It was somewhere over Iowa that I started paying attention to the screen in front of me showing my flight’s location. At what point, I wondered, did we enter “flyover” territory–the fairly arrogant term East/West coasters use for the area of the country between the coasts you wouldn’t think of actually landing, and, golly, find something worthy of their sophistication to do.
So having several hours to kill before landing in San Francisco I started thinking about the nation’s midsection and what I might have missed had I always flown over, and never landed in it.
Permit me a fond recollection that dates back to 1974. I had never seen the Mississippi River, or any place actually, west of Buffalo. My wife had seen it all. I had a week off from my $1.85/hour radio DJ job in Fulton, NY. This would be our first vacation since our wedding in September, 1973 and I asked my wife if we could drive to the Mighty Mississippi and back in a week. She assured me we could.
We hit the road and in short order I got my first glimpse of Ohio and the great city of Cleveland. I had hair that reflected the times and my age and the clerk at the first motel we attempted to stay in promptly refused me on the grounds that I looked like a creep.
After finding a more open-minded hotelier we hit Columbus, Cincinnati, and Louisville in short order. No money or time to do much so we quickly drove around Churchill Downs wondering what it would be like to attend the Kentucky Derby. From there we crossed into Indiana and became hopelessly lost. Somehow we ended up in Tell City, IN, then Hawesville, KY. A strong wind across the flat farmlands promptly blew my side view mirror off our awesome white Rambler. Eventually we found our way and the great Gateway Arch poked its apex over the horizon, providing a prominent trailmarker to our destination, and feeling almost weepy at seeing the Mississippi at last as we crossed into St. Louis.
We again faced the challenge of finding lodging, only this time it was due to a long parade of “no vacancy” signs. A room was finally secured at a high rise in suburban Clayton where we dumped our things and headed back to town to catch a Cardinals game in what was then, the modern, total ’70’s circle, Busch Stadium. They were playing the hated Reds and we saw Pete Rose, whom 16 years later, would slam me into a wall when I asked him a tough question just before he was bounced from baseball.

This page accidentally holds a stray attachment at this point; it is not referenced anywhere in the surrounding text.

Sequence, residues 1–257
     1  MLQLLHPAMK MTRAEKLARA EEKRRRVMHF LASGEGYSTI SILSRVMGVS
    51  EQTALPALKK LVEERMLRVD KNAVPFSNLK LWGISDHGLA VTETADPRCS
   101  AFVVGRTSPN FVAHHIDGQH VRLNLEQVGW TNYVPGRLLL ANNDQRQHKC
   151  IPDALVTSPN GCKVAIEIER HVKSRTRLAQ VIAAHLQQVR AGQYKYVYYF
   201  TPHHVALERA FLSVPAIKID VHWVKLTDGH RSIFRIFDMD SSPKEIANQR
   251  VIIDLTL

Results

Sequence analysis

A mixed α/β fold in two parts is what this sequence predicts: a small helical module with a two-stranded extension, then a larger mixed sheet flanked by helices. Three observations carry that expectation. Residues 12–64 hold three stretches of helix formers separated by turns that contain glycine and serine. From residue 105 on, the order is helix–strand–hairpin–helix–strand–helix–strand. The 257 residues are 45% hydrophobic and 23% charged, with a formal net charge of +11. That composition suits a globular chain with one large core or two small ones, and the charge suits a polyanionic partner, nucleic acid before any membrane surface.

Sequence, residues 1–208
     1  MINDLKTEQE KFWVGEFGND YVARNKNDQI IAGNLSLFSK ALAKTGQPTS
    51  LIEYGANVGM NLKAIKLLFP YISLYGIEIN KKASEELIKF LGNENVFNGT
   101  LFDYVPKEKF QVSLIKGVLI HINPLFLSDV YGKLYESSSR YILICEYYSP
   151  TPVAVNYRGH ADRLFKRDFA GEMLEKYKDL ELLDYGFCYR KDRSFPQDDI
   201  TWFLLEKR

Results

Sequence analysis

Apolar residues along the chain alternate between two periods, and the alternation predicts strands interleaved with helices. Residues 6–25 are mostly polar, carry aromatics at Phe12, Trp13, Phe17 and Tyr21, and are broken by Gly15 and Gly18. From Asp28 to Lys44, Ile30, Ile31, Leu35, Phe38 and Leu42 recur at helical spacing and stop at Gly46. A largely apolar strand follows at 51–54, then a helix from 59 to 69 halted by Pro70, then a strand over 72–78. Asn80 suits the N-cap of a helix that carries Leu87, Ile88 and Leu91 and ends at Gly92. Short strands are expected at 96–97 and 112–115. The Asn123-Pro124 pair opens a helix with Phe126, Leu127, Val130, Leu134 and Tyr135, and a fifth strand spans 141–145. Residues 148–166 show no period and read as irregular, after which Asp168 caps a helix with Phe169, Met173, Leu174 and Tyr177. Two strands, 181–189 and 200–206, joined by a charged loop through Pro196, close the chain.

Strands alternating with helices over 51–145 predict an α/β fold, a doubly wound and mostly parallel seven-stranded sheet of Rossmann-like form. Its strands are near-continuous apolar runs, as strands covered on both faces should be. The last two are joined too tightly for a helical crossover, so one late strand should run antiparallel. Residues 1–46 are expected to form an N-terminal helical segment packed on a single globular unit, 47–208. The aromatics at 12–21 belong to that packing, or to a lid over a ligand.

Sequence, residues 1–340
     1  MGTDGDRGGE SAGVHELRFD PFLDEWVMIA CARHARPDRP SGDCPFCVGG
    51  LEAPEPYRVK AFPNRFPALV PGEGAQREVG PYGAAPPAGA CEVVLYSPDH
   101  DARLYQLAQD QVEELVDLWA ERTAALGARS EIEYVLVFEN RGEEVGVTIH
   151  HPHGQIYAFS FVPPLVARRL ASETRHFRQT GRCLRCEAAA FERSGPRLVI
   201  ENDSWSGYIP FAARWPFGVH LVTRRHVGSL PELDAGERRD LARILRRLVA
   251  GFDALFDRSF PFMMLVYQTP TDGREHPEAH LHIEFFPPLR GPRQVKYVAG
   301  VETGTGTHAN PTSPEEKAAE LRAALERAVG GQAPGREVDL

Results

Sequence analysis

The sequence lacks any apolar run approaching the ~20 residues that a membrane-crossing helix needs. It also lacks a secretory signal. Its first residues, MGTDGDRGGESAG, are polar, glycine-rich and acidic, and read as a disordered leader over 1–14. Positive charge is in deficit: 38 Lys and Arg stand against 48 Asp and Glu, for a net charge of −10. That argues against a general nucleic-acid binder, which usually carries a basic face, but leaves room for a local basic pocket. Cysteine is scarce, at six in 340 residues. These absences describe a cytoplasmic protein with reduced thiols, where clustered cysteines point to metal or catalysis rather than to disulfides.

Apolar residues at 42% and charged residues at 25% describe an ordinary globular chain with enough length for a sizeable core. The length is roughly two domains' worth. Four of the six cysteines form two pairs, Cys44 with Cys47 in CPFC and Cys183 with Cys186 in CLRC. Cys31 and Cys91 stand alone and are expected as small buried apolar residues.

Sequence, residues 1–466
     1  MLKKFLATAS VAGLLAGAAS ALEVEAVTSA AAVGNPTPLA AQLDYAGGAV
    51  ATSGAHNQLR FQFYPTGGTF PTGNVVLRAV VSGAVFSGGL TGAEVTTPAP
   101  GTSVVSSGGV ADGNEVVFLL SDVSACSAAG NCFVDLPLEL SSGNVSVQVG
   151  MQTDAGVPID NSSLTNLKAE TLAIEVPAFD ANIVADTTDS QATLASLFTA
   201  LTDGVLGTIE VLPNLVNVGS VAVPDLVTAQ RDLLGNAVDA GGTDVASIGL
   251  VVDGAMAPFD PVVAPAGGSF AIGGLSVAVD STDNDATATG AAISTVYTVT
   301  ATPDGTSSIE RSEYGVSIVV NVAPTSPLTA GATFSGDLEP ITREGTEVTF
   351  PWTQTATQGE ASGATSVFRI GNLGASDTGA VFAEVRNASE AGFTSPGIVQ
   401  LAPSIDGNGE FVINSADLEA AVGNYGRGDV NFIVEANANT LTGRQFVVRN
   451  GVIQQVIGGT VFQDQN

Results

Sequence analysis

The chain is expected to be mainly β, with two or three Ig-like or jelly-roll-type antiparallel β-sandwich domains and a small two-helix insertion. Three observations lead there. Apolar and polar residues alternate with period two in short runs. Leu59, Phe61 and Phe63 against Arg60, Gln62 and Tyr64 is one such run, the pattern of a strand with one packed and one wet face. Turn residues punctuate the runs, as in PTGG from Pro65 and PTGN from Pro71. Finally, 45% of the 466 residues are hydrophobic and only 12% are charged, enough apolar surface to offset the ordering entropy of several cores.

As I mentioned, we had little money, so we took the first tour of the Budweiser brewery the next morning and slurped as much free swill as we could before moving on to Illinois where we made surgical strikes in Springfield to see Abe Lincoln’s grave and Chicago where we drove around the Loop and headed back east.
We noticed the Kelloggs factory in Battle Creek, MI was an easy detour off the Indiana Toll road and guessed, correctly, they’d give us free cereal. Sure enough, “Request Packs” was given to us after a fascinating tour watching Corn Flakes made by mashing corn grits to smithereens between two gigantic rollers.
Then it was the home stretch back to Oswego, NY where we lived, via Detroit, Canada and Niagara Falls, where we pulled up to parking space, looked over at the falling water and got back in the car because we had no coins for the parking meters.
After a lifetime, to that point, of being a fairly sheltered New Yorker who thought the western border of the U.S. was the Hudson River and nothing north of the Catskill Mountains matter, it was a geographic and cultural coming of age for me. From that day on, I appreciated what lay between the coasts, the marvel of the Rocky’s, the kindness of the people, the variety of the vittles, and the cornucopia of customs and routines. As a reporter I covered everything from natural disasters, plane crashes, trials, politics, crimes, sports, most times meeting people who opened my eyes to points of view, to courage, to mystery, to incredible sadness and misery, music, humor, triumph and joy.
Flyover country? Not at all. That IS the country.